As hype around cloud begins to settle into more realistic proportions, the industry as a whole is doing some soul-searching. Are we finding the cost savings and improved agility that we expected? As I’ve observed before, it’s time to see ROI.
Cloud Computing News recently reported on a KPMG survey that shows a certain satisfaction; about 70% of professional IT respondents claim some improved efficiency from their cloud efforts.
However, I detect restlessness in the air. The lead KPMG researcher, Rick Wright, comments that “the greatest cost savings – and, more importantly, the transformational business benefits – will come from the longer-term outcomes, such as more efficient processes, more flexible operating models and faster entry into new markets and geographies.” Notice the claim that payoff will be visible against far horizons. This has been the story for cloud since its inception, and it’s beginning to look a bit illusory. James Bourne, author of the CCN write-up, concludes his analysis with this searching question: Should companies have been taking a more strategic approach to cloud long ago?
Cloud is a strategy, not a get-rich-quick scheme.
But I think even companies that invest in cloud for the long haul, understanding the timetable of the payback, may be failing to see the full picture. Cloud has an emotional pull that goes beyond dollar signs. We may justify it with an ROI analysis, but we want it for another reason, as well:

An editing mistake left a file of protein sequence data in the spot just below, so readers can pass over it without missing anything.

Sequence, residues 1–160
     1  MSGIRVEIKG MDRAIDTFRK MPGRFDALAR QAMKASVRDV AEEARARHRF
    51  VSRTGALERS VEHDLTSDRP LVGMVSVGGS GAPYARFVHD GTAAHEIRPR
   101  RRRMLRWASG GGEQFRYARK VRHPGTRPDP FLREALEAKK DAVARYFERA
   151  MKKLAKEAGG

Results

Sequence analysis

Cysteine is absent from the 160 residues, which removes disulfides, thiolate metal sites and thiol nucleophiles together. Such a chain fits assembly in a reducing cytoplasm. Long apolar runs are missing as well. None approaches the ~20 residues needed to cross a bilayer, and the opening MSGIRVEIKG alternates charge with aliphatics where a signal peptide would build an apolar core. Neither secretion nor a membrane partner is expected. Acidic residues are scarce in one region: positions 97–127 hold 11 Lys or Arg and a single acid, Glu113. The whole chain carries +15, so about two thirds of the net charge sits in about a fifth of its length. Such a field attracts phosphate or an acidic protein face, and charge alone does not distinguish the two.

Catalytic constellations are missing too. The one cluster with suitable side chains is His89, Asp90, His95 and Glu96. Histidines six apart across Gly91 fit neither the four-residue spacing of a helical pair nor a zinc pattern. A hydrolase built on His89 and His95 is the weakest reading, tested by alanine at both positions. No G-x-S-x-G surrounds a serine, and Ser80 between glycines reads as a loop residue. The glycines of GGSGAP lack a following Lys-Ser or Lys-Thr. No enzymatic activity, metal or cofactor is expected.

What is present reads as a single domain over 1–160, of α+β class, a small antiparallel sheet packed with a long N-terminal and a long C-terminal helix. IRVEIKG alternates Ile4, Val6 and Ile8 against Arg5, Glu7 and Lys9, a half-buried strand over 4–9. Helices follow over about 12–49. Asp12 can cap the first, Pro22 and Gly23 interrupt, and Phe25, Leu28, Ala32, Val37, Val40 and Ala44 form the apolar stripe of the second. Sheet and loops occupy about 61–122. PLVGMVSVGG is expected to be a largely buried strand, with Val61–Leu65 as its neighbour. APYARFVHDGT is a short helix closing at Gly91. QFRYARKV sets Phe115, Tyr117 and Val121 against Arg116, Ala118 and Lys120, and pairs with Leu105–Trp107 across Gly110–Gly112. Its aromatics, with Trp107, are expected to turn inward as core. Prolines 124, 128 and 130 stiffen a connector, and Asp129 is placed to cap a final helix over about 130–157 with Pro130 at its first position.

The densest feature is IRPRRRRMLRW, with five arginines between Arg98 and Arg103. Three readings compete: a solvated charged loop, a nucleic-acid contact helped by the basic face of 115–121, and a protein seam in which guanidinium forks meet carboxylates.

Cloud promises simplicity.
In the pell-mell world of rapid tech evolution, churning hardware, and logistical distractions, cloud says, “Abstract away all the complexity and get back to the business problems that really excite your passion.” That is a compelling offer, and it has value quite apart from finances. I suspect that it figures heavily in the emotional calculus, even if we often fail to acknowledge it.
Ironically, most cloud providers fail to deliver on this aspect of cloud’s promise, especially in private cloud. Anybody who has installed and configured the infrastructure required to run a private cloud understands this in spades. The toolset is overwhelming: hypervisors, orchestration, switches, firewalls, DNS, DHCP, IPMI, SSO and SAML, ISCSI, SANs, NASes, tape libraries, heartbeat, replication, load balancers, LDAP, CMDBs, intrusion detection, endpoint compliance, and dozens of other components. Wade through it all, get everything just right, and then throw up your hands in despair when you have to perform mass migrations to accommodate new hardware, scheduled maintenance, or new SLAs.
This is why I’m a big believer in the promise of policy-driven workload optimization. If we want to achieve cloud’s promise of simplicity, something besides human sweat needs to monitor and react to changing conditions. I predict that best-of-breed tools like Adaptive’s Moab Cloud Suite, which have intelligent policy at their core, will become more and more valuable as industry puts a name to the phantom ingredient whose absence makes today’s clouds bland and unexciting.
Image credit: Alan O’Rourke (Flickr)